That interrogation, says Kholief, leads to a new and unique vocabulary in art and art curation, and decoding that vocabulary is a key point of the new exhibition, taking 1998 as a starting point. Fittingly enough, throughout the exhibition, the viewer becomes an active agent, engaging in new forms of technology and participating with the works both in the galleries and the digital works hosted online.
Highlights of the show include a series of photographs from artist Amalia Ulman's four-month Instagram project, Excellences & Perfections, examining the influence of social media on attitudes toward the female body; an immersive, glowing matrix-like space by Hito Steyerl called Factory of the Sun; a hub connected to a private network by MacArthur genius grantee Trevor Paglen, called Autonomy Cube, in which visitors can surf the web anonymously; and a sculpture and video installation by Simon Denny that critiques the politics of cyptocurrencies, including bitcoin and the economics of the internet.
I Was Raised on the Internet is organized into five distinct stations called “chapters,” each describing a different mode of interaction between the viewer and the art object in question: The first, Look at Me, explores new, more fluid forms of identity that flourish in a world where social media encourages the continual performance of the self and networking with others; the second, Touch Me, explores the increasing fluidity of the lines of demarcation between real space and virtual space. traces the extent to which it is possible to translate information and digital images into real space, and addresses the ways individuals are increasingly seeing touch and sensuality as new concepts in the world of the internet; the third chapter, Control Me examines the pervasive culture of surveillance and data collection that network technology enables, considering platforms like Facebook and Instagram, that offer access to their features at the cost of personal data. It explores the visual vocabulary for state control, and asks how that control will develop through new technologies; the fourth chapter, Play with Me, explores how gaming culture has altered the way that we relate to each other. Documenting the progression toward fully immersive and interactive technologies developing today, where the visitor is an active agent in the work; the final chapter, Sell Me Out, considers how the internet has emerged as a corporate sphere and artists expose, critique, and participate in marketing strategies with a critical eye to the future of buying and selling.
Accompanying the exhibition are a variety of ancillary events designed to help flesh out some of the exhibition’s themes and lead to further exploration of the concepts it presents. Among them are the curator tour “I Was Raised on the Internet with Omar Kholeif and Jared Quinton,” where the exhibition’s curators will give two in-depth tours of the show expanding on the work in the exhibition and its overarching themes on Thursday, July 28; Talk: Douglas Coupland with Omar Kholeif, where artist, writer, and coiner of the terms Generation X and McJob, Douglas Coupland chats with Omar Kholeif discussing the ways the internet has changed our experience of the world as well as how the work of artists has morphed in response on Saturday June 23; and Thursday, June 28; and MCA Prime Time, a unique after-hours museum takeover that taps that employs an eclectic mix of live music, performance art, film screenings, and interactive programs to transform the museum in spectacular ways. This summer the theme is based on the digital world of the I Was Raised on the Internet exhibition, with a GIF party, media lounge, AR/VR experiences hosted by the digital museum of digital art (diMODA), a special installation by Rebirth Garments, DJ sets; and a live performance.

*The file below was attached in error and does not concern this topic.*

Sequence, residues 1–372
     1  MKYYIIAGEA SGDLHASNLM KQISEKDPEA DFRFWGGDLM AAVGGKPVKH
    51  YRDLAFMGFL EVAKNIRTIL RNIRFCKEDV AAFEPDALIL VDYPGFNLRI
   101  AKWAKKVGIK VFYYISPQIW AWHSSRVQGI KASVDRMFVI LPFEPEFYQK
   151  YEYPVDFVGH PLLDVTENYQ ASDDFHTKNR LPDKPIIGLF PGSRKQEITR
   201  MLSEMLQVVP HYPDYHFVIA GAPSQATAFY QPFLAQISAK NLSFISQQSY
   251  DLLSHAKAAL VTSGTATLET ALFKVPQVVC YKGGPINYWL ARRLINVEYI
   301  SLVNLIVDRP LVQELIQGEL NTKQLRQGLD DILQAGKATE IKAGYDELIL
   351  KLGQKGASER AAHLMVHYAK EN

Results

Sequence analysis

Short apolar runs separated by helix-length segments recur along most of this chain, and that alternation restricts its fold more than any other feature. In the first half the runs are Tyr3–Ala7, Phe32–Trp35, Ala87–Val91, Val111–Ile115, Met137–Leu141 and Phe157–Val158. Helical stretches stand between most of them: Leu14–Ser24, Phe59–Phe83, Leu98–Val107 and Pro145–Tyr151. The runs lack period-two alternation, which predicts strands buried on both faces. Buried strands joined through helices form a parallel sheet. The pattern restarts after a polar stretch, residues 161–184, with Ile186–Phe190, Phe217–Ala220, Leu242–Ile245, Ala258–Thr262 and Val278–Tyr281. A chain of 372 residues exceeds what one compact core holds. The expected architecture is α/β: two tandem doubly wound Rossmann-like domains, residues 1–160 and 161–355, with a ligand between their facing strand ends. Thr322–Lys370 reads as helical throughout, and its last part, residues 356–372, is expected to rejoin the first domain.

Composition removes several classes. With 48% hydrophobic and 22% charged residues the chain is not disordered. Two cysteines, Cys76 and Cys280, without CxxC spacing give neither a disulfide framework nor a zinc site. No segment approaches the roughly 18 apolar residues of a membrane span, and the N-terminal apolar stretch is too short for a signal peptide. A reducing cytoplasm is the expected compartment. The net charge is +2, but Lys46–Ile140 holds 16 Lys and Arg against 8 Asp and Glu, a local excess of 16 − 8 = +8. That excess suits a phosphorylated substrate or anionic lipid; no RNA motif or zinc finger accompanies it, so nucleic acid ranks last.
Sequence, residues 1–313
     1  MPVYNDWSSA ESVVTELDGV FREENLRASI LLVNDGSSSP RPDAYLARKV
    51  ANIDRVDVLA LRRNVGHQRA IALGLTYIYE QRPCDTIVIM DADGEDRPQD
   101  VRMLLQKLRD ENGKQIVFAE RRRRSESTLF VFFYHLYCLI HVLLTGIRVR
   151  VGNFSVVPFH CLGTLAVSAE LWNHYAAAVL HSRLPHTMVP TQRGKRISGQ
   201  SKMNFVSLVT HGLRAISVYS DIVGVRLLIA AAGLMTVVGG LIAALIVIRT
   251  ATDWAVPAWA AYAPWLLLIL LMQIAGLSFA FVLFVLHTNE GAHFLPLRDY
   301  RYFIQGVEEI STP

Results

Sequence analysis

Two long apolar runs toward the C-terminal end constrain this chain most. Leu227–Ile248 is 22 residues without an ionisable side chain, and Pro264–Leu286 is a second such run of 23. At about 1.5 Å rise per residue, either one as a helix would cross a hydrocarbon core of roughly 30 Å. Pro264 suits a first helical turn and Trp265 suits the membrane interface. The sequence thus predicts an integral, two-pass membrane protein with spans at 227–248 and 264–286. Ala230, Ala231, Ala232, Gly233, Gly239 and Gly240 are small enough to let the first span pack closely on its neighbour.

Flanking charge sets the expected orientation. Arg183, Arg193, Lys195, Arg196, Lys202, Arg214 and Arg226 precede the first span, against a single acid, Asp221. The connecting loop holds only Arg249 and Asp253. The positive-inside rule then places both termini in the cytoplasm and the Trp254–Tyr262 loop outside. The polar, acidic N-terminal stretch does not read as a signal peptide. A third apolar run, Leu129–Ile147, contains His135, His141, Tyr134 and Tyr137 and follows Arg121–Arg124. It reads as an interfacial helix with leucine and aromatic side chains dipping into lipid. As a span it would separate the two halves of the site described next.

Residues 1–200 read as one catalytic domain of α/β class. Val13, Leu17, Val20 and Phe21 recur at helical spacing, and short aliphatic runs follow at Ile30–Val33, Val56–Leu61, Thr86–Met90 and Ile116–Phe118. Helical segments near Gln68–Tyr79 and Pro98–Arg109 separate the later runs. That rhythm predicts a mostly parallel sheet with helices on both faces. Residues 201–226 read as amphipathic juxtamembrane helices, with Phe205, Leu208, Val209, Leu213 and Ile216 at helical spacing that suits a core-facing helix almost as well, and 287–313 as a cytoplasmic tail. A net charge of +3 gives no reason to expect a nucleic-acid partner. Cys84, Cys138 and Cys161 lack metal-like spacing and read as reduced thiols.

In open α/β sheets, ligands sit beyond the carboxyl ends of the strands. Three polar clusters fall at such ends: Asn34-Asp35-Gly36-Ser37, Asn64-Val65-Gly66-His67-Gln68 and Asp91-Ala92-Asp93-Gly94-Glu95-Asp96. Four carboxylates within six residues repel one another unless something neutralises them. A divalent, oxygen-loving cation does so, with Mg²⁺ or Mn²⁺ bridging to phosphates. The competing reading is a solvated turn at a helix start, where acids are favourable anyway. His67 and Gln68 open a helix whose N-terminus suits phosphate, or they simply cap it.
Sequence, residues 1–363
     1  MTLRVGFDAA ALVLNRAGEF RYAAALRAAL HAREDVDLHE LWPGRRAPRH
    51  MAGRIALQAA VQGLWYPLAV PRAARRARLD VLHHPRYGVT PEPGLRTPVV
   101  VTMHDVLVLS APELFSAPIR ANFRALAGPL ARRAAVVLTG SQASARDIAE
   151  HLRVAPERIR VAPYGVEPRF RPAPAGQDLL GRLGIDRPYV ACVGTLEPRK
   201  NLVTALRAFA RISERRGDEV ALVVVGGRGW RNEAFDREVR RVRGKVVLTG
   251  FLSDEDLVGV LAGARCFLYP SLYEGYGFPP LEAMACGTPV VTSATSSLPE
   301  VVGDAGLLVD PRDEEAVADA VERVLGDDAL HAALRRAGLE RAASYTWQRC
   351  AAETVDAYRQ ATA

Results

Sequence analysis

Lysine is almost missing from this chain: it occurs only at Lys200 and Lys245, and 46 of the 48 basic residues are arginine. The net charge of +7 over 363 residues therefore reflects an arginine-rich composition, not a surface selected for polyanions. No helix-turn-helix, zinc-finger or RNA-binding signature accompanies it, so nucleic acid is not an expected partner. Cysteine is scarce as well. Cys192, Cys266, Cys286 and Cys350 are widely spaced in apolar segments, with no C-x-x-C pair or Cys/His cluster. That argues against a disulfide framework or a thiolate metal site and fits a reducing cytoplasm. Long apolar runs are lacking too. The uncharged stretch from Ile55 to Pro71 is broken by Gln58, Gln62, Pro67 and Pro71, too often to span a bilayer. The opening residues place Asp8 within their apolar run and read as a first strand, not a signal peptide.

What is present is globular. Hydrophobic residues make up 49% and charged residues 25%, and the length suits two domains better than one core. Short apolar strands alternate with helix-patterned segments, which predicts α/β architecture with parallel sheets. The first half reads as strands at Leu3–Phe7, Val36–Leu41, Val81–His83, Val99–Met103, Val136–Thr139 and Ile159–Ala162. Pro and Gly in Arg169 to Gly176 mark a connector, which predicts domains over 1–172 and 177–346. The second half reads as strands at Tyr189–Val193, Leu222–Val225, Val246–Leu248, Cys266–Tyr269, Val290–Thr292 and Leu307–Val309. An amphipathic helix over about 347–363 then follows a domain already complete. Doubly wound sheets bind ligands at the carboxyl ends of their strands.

Perhaps, the world has always been a quickly changing place, but with the new forms of media emerging since the millennium, we are all connected in one way or another and able to witness that change at a dizzying pace. I Was Raised On The Internet seeks to slow that pace just long enough for us to observe how it has impacted the way we absorb the world around us, and perhaps in doing so help us to recalibrate how that impacts who we are in the process.
I Was Raised On The Internet opens at the Museum of Contemporary Art Chicago on July 23 runs through October 14, 2018.
Eva and Franco Mattes, My Generation, 2010. Installation view, Site Gallery, Sheffield, England.
Clef Notes Chicagoland Journal for the Arts
Preview of new Museum of Contemporary Art Chicago exhibition that takes a hard look at how the internet and digital media has changed the way we see the world around us
By Isaac Jacobs